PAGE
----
“I stayed in the moment,” she says. “I trusted that they were going to find me … I did not think: ‘What if a tiger comes?’ I thought: ‘I’ll deal with it when the tiger comes.’ I did not think: ‘What if I die?’ I thought: ‘I will see about it when I die.’” She describes this experience of “moment after moment after moment” as mindfulness before its time, before we all knew the word for it.
In some ways, this mindfulness was foisted upon her by her body. When, after a couple of days, the man who had been beside her died, Herfkens realised she was alone in the jungle. “And I had never been so entirely alone. I panicked.” Her collapsed lung made it hard to get the air in. She had to breathe intentionally. “And by breathing, I got back into the moment, back into the now.”
Herfkens, who now works as an inspirational speaker, has often thought about what enabled her to survive – why was she the only one to make it? Did her innate qualities somehow equip her? Over the years, she has come up with lots of explanations. “I was the youngest child – I grew up with a lot of love – but I was left alone. I didn’t have parents telling me what I should do and feel. So I developed instincts.”
Herfkens thinks that she probably has attention deficit disorder and that if she were a child now “they definitely would have diagnosed me”. Growing up, she was reckless and forgetful, routinely mislaying her hockey stick. She learned to be “inventive and charming” and thinks that if she had “had Ritalin as a kid, I would never have developed the qualities I had for surviving the jungle”. (She has experience in this department, because her son, Max, 23, is autistic. Both of them tried Ritalin, but found it inhibited their sense of humour.)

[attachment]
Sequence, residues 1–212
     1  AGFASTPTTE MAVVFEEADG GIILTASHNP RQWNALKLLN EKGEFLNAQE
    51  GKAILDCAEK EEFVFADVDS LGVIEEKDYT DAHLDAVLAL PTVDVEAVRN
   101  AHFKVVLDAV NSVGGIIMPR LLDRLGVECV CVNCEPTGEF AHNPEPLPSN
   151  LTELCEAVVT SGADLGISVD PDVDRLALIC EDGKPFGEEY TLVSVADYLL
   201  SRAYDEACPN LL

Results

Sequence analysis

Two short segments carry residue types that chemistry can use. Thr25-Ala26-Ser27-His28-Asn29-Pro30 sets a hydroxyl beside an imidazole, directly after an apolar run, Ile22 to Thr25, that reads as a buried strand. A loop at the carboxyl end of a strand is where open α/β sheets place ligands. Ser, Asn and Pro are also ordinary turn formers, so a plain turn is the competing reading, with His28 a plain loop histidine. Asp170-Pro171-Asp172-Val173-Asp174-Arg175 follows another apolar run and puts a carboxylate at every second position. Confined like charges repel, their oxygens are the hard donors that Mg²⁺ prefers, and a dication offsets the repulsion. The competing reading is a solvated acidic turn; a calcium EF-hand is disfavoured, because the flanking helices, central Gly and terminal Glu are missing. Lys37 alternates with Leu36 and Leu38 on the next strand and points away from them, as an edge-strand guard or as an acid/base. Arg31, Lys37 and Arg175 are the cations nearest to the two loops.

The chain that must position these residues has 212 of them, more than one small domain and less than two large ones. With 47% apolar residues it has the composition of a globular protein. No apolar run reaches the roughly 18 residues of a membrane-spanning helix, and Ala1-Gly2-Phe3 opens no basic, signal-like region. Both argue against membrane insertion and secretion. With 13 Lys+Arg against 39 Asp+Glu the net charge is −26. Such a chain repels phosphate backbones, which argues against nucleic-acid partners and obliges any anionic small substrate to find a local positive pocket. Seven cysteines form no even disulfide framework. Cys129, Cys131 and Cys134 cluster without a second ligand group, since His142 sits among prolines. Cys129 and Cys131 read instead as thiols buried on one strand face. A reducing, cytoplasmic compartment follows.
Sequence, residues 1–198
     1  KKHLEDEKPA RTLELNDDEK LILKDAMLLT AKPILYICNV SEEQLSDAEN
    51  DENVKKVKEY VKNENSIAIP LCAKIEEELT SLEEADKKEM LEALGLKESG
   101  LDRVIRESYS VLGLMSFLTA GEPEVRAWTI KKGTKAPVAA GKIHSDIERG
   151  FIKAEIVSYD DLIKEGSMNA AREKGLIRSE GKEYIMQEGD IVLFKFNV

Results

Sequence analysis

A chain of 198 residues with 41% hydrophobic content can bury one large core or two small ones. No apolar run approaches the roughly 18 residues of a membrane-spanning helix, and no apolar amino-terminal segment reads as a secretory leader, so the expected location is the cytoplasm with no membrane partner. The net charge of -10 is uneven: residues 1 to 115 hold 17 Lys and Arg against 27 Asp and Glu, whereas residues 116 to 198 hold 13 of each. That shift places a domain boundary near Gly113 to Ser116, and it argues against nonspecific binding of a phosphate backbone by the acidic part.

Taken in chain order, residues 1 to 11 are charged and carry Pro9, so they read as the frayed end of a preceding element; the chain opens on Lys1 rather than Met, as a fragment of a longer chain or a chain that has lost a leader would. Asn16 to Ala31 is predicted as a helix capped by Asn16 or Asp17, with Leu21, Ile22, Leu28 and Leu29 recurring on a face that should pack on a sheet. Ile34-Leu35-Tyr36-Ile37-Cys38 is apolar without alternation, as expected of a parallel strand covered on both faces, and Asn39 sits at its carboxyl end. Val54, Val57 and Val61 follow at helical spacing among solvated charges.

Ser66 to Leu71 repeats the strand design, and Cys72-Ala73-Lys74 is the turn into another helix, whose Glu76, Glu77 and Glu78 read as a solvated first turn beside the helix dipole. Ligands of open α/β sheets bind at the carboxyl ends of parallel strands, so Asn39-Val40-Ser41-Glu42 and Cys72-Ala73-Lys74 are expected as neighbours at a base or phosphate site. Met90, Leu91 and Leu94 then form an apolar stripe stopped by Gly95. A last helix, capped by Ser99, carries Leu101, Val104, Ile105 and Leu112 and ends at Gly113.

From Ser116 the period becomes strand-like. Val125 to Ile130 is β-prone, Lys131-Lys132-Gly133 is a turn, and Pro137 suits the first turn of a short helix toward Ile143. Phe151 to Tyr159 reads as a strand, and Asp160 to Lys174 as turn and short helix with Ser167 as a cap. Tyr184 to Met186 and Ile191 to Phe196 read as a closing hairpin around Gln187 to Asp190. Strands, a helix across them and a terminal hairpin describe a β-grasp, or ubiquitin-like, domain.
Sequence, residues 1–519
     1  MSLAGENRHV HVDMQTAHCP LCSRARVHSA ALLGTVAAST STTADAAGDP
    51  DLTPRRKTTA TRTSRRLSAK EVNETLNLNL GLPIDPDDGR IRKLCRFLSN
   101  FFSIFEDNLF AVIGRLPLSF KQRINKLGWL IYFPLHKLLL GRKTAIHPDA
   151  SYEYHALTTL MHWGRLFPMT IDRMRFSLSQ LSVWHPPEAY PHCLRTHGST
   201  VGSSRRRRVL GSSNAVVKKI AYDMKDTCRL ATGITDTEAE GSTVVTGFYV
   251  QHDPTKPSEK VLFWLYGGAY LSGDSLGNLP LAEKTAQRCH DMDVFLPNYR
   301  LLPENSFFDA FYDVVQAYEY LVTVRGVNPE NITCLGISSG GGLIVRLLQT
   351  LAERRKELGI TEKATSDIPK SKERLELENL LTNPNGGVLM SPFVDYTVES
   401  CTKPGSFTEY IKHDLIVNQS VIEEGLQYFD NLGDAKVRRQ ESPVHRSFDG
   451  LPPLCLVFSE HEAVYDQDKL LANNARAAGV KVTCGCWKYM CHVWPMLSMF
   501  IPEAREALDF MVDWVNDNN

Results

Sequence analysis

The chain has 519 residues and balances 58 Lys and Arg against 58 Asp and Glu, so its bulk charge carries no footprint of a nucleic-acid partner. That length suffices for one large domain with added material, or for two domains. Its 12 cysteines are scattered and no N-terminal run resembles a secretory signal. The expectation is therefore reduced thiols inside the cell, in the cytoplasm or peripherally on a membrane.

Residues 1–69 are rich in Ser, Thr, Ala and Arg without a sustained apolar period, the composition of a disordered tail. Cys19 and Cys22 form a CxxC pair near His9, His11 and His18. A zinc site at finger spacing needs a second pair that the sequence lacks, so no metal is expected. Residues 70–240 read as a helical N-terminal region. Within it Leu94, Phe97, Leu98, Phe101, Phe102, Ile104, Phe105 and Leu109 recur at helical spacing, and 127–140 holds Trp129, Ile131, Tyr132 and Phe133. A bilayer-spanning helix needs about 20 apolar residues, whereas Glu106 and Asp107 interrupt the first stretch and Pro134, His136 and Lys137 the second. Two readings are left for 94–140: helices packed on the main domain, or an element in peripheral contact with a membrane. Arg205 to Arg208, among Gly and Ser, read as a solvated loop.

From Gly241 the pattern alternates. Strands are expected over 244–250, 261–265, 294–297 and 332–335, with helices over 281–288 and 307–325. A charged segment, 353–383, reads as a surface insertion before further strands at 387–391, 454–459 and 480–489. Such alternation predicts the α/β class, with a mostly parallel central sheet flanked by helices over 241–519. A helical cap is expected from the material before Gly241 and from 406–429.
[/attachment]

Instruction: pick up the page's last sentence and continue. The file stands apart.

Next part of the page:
Years later – after Herfkens married her colleague Jaime Lupa, moved to New York and had two children – friends of her daughter, Joosje, and their parents quizzed her on her experience in Vietnam. At dinner parties, she was a prized guest. Some – mostly the dads – pressed books about survival into her hands. Reading them, she realised that in the jungle, her behaviour had been textbook. “I did all the right things,” she says.
She knew she needed water, for instance, so she made a plan. “That’s what they always say – make a plan. I divided it into achievable steps.” From where she lay, she could see the aeroplane’s broken wing, and thought that the insulation material “could work like a sponge”. She propelled her body along on her elbows, damaging them so badly that they would later need a skin graft, until she could reach the tufty fibres. The pain was so great that she fainted. But by then she had eight little balls of the stuff. She needed only to “wait until it rained … and the little balls would fill up with water … Every two hours I would take a sip.” And then – a pattern she follows to this day – “I congratulated myself”, she says. “And that also makes you survive.”
When Herfkens came to write her book and pitch her film, she realised she didn’t only want to write about her own experience in the jungle. She also wanted to write about the people who helped her, the victims of the crash and about her son. “I went to Hollywood and they said: ‘It has to be all about you,’” she says. It felt counter to the qualities that saved her: “I really think that why I survived is because I got over myself,” she says. “You get over your little self, then you get your instinct to work, then you get to connect with other people and then you achieve stuff.”
When her son was diagnosed with autism at two, she found it helpful to apply what she had learned in the jungle to her life in New York. Herfkens felt the news as “a cold hand around my heart”, having read about some people’s experiences of autism – “the aggression … that you’ll never be able to connect to your child”.